Jackson biographer says 'Leaving Neverland' discrepancy changes film's narrative
In Dan Reed's film, James Safechuck says was allegedly sexually assaulted by Jackson at his Neverland ranch until the age of 14 between 1988 and 1992.
LONDON - Michael Jackson biographer Mike Smallcombe says the discrepancy he has found in James Safechuck's abuse allegations against Jackson in the Leaving Neverland documentary "changes the entire narrative the film is trying to give" viewers.
In Dan Reed's film, James described how he was allegedly sexually assaulted by Jackson at his Neverland ranch until the age of 14 between 1988 and 1992 after the singer befriended him after they starred in a Pepsi commercial together.
Among the locations where he claims the assaults took place is the train station at Neverland.
However, Smallcombe - who penned the book Making Michael: Inside the Career of Michael Jackson - has found the construction permit issued on 2 September 1993, which states that construction work on the train station did not begin until after that date and did not open until 1994.
The film's director Reed accepted the validity of the station construction date in the permit but explained away the discrepancy by claiming the date that is wrong "is the end of the abuse" but Smallcombe insists his discovery throws doubt on all of Safechuck's allegations.
Speaking to Australian breakfast TV show Sunrise, the journalist-and-writer said: "I can't say for sure that James Safechuck and Wade Robson are lying about the entire thing, but what I can say is that at least three aspects of their allegations that are featured in that documentary are provably untrue. The train station claim from James Safechuck being the big one. He alleges that the abuse went from 1988 to 1992 and he said during the documentary that he was abused at the Neverland train station, he went into great detail about how it happened in a room upstairs in that train station, it wasn't just a fleeting comment in that documentary it was a big part of it and it can now be proven through documents and photos that the train station didn't open until mid-1994 so that's a real two-year discrepancy there. It's not just a case of a dates being mixed up.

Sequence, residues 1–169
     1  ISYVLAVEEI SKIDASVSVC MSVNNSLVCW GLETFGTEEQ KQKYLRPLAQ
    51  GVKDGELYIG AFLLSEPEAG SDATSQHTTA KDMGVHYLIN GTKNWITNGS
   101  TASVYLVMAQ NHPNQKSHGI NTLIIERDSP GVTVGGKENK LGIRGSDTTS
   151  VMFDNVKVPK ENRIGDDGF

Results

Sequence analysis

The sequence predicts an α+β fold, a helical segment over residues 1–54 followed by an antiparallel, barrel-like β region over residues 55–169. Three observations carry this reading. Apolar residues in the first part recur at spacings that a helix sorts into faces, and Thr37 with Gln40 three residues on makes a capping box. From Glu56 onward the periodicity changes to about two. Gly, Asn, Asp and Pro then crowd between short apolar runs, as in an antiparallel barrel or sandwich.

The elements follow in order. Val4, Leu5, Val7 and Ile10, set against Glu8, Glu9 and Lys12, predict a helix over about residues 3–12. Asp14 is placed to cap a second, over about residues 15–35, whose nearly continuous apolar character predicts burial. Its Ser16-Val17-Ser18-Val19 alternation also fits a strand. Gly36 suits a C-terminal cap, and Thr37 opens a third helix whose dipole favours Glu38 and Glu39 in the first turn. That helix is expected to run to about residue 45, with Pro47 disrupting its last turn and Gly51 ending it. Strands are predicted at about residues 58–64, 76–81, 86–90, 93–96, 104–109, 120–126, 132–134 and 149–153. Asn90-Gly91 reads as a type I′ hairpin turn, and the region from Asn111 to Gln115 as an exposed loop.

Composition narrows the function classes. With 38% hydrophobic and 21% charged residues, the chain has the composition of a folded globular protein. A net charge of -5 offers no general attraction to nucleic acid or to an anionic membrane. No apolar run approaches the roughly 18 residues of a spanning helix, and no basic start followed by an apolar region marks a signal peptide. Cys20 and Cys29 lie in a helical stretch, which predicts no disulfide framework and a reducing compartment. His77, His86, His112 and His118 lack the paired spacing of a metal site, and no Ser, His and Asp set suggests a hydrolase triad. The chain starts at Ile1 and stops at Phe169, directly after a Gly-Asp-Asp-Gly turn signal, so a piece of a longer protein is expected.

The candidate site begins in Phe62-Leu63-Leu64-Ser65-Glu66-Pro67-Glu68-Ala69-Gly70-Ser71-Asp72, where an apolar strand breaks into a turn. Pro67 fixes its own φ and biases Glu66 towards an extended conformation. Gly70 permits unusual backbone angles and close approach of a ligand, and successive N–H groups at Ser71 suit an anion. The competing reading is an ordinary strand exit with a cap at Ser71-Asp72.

"Michael Jackson spent the whole year of 1994 living in New York City to get away from Santa Barbara because of the [Jordy Chandler] allegations and the DA going after him and also to record an album in New York, he moved there because of an earthquake as well and he was a bit scared to record in the LA area as well. But the point is by the time Safechuck would've been at Neverland again he would have been 17 or 18 years old so that changes the entire narrative that the film is trying to give us that Jackson lost interest in young boys once they hit puberty and, of course, Safechuck himself said the abuse ended when he was 14. It's not just a small matter it changes the entire narrative of that whole documentary, it's a big deal."
Smallcombe admits he was surprised that filmmaker Reed chose to casually deal with the information he had uncovered in a seemingly flippant manner on Twitter when it is such a key part of Safechuck's story.
He added: "It surprised me that he did on Twitter in the way that he did, just a fleeting reply to me, it's crazy that he did it on Twitter. But it didn't surprise me [that he accepted it] because it's undeniable, he can't deny the discrepancy there, he had to agree that the dates were wrong."
Smallcombe also uncovered evidence that Wade Robson's timeline of events in his allegations of sex abuse at the hands of the Thriller singer were disproved by his own mother in historic court documents.
The choreographer alleges in the HBO documentary that the late King of Pop - who died in 2009 at the age of 50 - that the abuse started from the first time he and his family visited Neverland when he was just seven-years-old when his sister and parents went to visit the Grand Canyon leaving him alone with the musician for five days.
However, Smallcombe discovered a court testimony from 1993 in which his mother Joy stated that Robson did join them on their trip.
Smallcombe insists during all the time he spent interviewing over 60 of Jackson's associates including managers, lawyers, music executives, producers, musicians and engineers for his book and all the research he carried out he never discovered anything that would lead him to "believe he did these things".
He said: "I've never come across anything that would make me believe Michael did these things. I can't say for sure that he's innocent, of course, but I'd like to believe that he is and I've certainly never seen any cold, hard evidence to suggest that he's ever done anything like that through the years."